I got an email from my brother yesterday.  He said this friend had contacted him to ask if he’d talked to me recently.  The idea of them talking about me was disturbing.  It’s not that they would say anything “bad” about me, but it just doesn’t sit well with me.  Part of me feels annoyed with my brother, although logically I know there’s nothing to be legitimately annoyed about.

I thought writing this post might help me figure out in my own head why I’m feeling a messy jumble of emotions about this, but I’m still feeling just as jumbled.  I hate what I’ve become, and I know that’s not fair and I don’t hate the self that’s at the core, but this has caused a bit of a stumble.  I’ve stumbled before, though, and like before I will pick myself back up and carry on.


Image credit: Glavo on Pixabay

Book review: Strong at the Broken Places


Strong at the Broken Places: Voices of Illness, a Chorus of Hope is an intimate look at living with chronic illness.  Author Richard M. Cohen, who himself has multiple sclerosis, works with five participants who have various chronic illnesses to capture their stories and help others understand the overwhelming toll that chronic illness can take.  The participants are Denise, who has has ALS (often known as Lou Gherig’s disease), Buzz, who has has non-Hodgkins lymphoma, Ben, who has muscular dystrophy, Sarah, who has has Crohn’s disease, and Larry, who has bipolar disorder.  The author engages with those featured in the book over a span of not just months but years, getting to know them on a far deeper level than simply the words they chose to use.

This is not a sanitized, at-face-value look at chronic illness.  Rather, it probes the depths of it, encompassing the myriad ways in which chronic illness affects the lives of those it touches both directly and indirectly.  The author skillfully ties the stories to one another, illustrating the many commonalities among the experiences of disparate chronic illnesses.  The book gives voice to those who society tends to silence: “Too often the sick are seen and not heard.  Listen.  Their songs are soft but steady.  Hear the sound of steel, the quiet toughness at the core.”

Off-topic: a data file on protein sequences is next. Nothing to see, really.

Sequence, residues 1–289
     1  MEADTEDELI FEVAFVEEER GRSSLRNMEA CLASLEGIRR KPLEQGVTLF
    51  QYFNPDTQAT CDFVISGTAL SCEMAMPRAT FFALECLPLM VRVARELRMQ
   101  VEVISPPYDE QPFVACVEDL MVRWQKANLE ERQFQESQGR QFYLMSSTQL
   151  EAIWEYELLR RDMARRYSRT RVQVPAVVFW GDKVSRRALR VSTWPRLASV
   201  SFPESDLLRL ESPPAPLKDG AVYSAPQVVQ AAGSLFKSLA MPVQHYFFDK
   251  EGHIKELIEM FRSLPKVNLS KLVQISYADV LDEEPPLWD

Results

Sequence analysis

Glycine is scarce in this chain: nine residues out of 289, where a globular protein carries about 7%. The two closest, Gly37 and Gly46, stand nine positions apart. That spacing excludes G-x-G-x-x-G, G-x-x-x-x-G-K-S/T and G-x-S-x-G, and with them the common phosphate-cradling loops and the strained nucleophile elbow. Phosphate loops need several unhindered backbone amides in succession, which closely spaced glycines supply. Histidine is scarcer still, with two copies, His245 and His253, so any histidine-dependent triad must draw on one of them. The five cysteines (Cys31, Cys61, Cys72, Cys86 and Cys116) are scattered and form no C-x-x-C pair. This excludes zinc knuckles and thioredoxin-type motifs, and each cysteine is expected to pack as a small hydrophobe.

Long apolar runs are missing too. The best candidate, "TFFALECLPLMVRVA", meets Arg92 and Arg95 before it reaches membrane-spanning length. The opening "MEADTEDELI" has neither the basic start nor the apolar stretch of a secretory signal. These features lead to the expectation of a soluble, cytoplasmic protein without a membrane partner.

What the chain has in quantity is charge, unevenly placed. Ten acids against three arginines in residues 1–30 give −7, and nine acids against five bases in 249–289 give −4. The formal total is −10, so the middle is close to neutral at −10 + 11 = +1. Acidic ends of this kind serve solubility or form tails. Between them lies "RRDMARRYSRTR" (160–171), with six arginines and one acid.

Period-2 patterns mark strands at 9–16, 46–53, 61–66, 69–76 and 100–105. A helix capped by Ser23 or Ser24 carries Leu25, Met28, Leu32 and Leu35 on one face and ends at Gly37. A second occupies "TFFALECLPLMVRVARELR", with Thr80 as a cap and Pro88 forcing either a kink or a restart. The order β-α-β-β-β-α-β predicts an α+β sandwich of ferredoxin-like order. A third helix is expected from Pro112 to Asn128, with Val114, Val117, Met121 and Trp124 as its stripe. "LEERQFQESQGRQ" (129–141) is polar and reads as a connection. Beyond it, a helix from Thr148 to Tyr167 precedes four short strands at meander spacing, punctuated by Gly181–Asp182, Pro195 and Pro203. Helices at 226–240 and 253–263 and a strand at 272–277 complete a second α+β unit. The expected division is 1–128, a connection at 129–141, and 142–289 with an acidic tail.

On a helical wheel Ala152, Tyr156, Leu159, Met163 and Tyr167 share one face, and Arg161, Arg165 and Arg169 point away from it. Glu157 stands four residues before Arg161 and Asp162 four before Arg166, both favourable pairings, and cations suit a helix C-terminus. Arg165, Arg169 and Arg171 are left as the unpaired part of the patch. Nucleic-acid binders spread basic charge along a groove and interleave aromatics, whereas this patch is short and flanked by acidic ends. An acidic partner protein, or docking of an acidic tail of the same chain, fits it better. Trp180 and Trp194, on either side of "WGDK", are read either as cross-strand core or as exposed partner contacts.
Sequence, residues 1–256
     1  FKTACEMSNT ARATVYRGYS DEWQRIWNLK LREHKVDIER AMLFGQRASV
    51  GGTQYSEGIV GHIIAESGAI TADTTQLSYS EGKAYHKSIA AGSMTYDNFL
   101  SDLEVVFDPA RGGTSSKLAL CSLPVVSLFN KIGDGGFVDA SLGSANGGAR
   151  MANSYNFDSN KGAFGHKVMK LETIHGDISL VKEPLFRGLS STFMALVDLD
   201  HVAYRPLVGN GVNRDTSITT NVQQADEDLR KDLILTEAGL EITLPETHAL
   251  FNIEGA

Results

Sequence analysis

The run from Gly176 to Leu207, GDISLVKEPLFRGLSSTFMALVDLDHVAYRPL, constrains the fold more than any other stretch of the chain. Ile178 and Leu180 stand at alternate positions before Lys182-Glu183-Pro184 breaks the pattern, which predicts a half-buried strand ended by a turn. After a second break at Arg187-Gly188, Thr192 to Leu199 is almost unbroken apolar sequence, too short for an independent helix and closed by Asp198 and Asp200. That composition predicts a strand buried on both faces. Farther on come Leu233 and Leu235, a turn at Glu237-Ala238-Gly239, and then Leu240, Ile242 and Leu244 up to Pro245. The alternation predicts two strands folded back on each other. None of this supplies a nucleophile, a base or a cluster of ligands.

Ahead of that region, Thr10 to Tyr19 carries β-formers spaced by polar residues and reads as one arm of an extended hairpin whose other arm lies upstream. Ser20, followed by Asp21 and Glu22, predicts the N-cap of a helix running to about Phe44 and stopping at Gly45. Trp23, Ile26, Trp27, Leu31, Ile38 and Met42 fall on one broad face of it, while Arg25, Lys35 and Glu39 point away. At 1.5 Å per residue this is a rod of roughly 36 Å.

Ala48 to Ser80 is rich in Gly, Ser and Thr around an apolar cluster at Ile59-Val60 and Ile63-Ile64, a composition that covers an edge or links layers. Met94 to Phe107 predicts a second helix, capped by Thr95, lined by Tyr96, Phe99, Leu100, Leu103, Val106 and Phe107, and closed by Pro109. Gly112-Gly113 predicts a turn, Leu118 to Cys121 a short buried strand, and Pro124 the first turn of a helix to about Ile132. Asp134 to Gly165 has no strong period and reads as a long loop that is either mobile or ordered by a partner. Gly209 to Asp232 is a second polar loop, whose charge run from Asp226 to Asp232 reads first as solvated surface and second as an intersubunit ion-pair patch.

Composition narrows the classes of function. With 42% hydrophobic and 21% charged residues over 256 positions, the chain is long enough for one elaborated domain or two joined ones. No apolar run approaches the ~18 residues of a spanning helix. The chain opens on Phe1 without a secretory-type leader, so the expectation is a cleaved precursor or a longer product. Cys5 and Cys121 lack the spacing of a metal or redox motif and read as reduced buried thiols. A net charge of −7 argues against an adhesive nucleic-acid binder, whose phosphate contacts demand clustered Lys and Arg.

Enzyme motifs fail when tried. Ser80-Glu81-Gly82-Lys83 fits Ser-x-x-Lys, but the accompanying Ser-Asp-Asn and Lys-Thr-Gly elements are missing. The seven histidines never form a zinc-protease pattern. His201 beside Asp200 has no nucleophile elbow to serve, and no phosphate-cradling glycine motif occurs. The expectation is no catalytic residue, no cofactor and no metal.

There were a few things that surprised me and at times somewhat disturbed me about Cohen’s approach.  He openly brings in his own opinions and expectations of how the participants should behave, including questioning Buzz’s decision to accept his oncologist’s recommendations rather than seeking additional information or other opinions.  Initially this struck me as inappropriate, but as the book progresses, as a reader I become more comfortable with it, as the purpose seemed to be a deeper exploration of the participant’s ideas and behaviours.

The author’s interviews with people who knew the ill participant initially felt awkward to me as a reader, seeming almost a betrayal.  In particular, his attempt to interview Buzz’s 9-year-old son accomplished little besides making the child uncomfortable.  However, in checking my own reaction I recognize that at least to some degree I’m projecting because of of my own illness.

A  mildly irritating quirk was that the dialogue didn’t contain the contractions that would typically be used in casual speech.  This made the dialogue feel a bit stilted at times, which is unfortunate, as it seems unlikely that this accurately reflected the quality of speech.

Cohen describes the “daily brushes with public ignorance and indifference and the stigma of being sick in a society that worships health, brand and define us.”  The weight and pain of the burden this imposed were difficult for the participants to carry.  Larry likened chronic illness to a battle with two fronts: the disease itself and public ignorance.  Denise’s slurred speech led people to ignorantly jump to conclusions, such as assuming she’d had a stroke or was drunk.  Sarah was quickly identified as abnormal because of the side effects of long term steroids, which significantly reshaped her face and body, and this took a heavy toll on her self-image.

I had to smile when Cohen identified “How are you?” as the most insincere question that people ask.  I share the experience that “people really do not want to know and inquire under the assumption that no one will be rude enough to actually answer the question honestly.”  Another point that strongly resonated with me was Larry’s experience that others tended to place him into a diagnostic box, attributing much of his behaviour to his illness.  “When does the diagnosis stop and the human being regain a sense of control of a life?” he asks.

Social support varied amongst the participants, and maintaining relationships could be challenging.  Denise was divorced and had limited family support.  She pointed out that she was alone before she was diagnosed, and there was no reason for that to change after her diagnosis.  She observed that a benefit of this was not having to experience guilt over being a burden on a spouse.  The author repeatedly challenged Denise on her choice to be alone, which initially struck me as imposing his own preconceptions.  His attempts to intercede in Denise’s family situations seemed like inappropriate interference, even meddling, or a misguided attempt to apply his own agenda.  Yet again, I must check myself, since like Denise I have chosen to isolate myself because of my illness.

Roles and identities are a recurring theme across the participants’ stories.   Buzz, unable to work, fell deeply into debt and feared ending up homeless, which compromised important role identities he held as a husband and father.  Ben’s parents, especially his father, struggled with the idea that their son would die before they did.  Sarah’s illness “constantly makes me second-guess myself and question who I am”.